LYING upon its side on a little shelf containing the few books owned by Miss Mercy Gaskett was an ancient and much thumbed copy of the American Coast Pilot, dog-eared and dirty, and stained by countless soakings in fog, rain, and salt water. For thirty odd seasons Skipper Reuben Gaskett carried the book with him to the coast of Labrador in the old pinky schooner Good Intent, and when in a memorable gale over half a century ago the stout little vessel at last laid her bones on the desolate Magdalens, the old book was one of the very few articles saved from the wreck. All those sturdy mariners who eagerly scanned its pages in fog and storm for so many years have long slept either with the skipper behind the weather-beaten meeting-house on the hill at the Cove, or fathoms deep in the ocean. As a pilot the old book has entirely outlived its usefulness, since owing to variation of the compass, the courses given in it would speedily lead to disaster if followed to-day, while so many changes have taken place in the appearance of the coast since it was compiled that the sailing directions are also wholly untrustworthy.
Miss Mercy was herself aware that the book had now no practical value, and was therefore somewhat surprised when one morning Jason Fairway came shambling up her path in his red fishing boots, and asked leave to look it over for a few moments.
“ Look at it! ” she exclaimed. “ Why to be sure you can look at it all you want, an’ welcome, Jase, but it ain’t the least mite o’ good to you aboard your bo’t, now I can tell you that! Brother Pel’tiah I know, he set out one time to run a course outen her, an’ like to have got cast away there to the Mussel Ridges too. He allus has told how they had a dretful close shave of it, an’ I guess likely’t was that much’s anything made him quit goin’, an’ stop ashore same ’s he has sence.”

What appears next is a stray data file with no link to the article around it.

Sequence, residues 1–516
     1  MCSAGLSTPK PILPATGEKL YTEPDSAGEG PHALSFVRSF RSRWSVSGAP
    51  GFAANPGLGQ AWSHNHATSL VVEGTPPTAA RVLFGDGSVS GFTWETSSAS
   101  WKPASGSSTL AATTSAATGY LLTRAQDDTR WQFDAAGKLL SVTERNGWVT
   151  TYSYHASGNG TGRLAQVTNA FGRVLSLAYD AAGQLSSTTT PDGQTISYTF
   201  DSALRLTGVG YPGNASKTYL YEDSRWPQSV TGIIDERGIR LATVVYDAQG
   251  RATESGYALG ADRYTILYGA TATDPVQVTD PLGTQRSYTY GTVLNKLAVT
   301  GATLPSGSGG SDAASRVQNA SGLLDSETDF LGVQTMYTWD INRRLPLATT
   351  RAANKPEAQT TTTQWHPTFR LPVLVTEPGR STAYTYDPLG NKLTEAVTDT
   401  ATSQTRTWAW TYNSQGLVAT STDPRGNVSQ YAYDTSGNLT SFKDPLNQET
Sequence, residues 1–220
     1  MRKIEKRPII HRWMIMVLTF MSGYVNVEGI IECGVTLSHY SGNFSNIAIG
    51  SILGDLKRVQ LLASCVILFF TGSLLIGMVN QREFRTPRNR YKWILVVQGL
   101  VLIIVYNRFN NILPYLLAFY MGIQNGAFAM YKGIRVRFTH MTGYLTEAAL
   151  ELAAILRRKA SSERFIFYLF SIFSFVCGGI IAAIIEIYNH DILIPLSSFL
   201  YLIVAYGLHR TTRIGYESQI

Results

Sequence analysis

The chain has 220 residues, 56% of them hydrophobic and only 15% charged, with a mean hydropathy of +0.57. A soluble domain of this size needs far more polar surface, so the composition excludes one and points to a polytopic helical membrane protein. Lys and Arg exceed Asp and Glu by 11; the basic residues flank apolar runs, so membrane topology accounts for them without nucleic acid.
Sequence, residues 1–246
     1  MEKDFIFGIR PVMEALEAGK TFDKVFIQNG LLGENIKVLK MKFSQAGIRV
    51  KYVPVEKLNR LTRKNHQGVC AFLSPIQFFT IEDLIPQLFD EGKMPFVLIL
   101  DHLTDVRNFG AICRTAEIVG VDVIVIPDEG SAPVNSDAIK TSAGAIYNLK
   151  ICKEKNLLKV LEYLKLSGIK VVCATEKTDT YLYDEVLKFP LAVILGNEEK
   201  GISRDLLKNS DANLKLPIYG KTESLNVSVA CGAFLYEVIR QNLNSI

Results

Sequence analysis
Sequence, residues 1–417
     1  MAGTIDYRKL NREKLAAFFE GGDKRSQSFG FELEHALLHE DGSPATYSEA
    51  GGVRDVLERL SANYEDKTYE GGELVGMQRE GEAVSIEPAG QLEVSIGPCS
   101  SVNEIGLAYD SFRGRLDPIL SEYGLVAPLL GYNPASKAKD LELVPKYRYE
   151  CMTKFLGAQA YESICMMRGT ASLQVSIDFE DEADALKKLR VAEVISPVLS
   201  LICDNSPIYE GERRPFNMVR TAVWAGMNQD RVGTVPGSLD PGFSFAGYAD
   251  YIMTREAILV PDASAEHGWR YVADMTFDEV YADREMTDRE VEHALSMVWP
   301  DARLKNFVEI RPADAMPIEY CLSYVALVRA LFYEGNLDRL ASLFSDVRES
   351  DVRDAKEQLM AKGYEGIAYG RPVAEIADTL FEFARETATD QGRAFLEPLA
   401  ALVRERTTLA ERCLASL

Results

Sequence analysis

“ Wal, Miss Mercy,” said Jason, “I ain’t cal’latin’ to take no chances runnin’ ary course outen the book, for I don’t doubt a mite but that it’s jes’ you say, she’s pooty nigh bein’ a back number at this day o’ the world, but what I’m comin’ at is this here. Your brother Pelly was tellin’ of me only the very last time I was to his store there, how there was a writin’ somewheres into that ole book that give the marks for the Bo’s’n Hill Ground. He ’lowed ’twas years sence he see it, but he says, ’s ’e, ‘ It’s there somewheres into that ole book right in black an’ white, an’ in my father’s own han’writin’, too.’ ”
“ Well, well,” said Miss Mercy, “ prob’ly it ’s so, then! Bo’s’n Hill Ground ! Land’s sakes, ef that don’t carry me clean way back to the time I was a little gal a-pickin’ oakum stormy days up in the ole attic there to home ! You take an’ set down in the cheer there back o’ the laylocks, where it’s good an’ shady, Jase, an’ I ’ll fetch her right out to ye.”
So saying, Miss Mercy went into the house, and soon returned with the venerable leather-covered book.
“ You would n’t b’lieve,” she continued, “ you would n’t scursely b’lieve how kind o’ queer it doos seem to hear tell about the Bo’s’n Hill Ground ag’in ! Why, when I was growin’ up, ’t was nothin’ but Bo’s’n Hill Ground, an’ the Spring Gardin, an’ Betty Moody’s Ten Acre Lot, an’ a sight more I clean forgit the names of now. How comes it we don’t never hear tell about them ole fishin’ grounds now’days, Jase ? ”
“ Wal,” replied he, taking the old book in his lap, “ come to that, there’s some that doos fish on the Spring Gardin by spells now’days, but I can’t say ’s ever I knowed jes’ the marks would put ye onto Betty Moody’s Lot, there, though I would n’t wonder but that there’s folks here to the Cove that’s got ’em yit, but you come to take the Bo’s’n Hill, an’ seem’s ef the marks was gone from here clip an’ clean ! That is, there ’s jes’ one man knows ’em, fur’s I can make out, an’ he ’s so blame’ mean he won’t tell ’em to nobody, so there we be hung up, ye see.”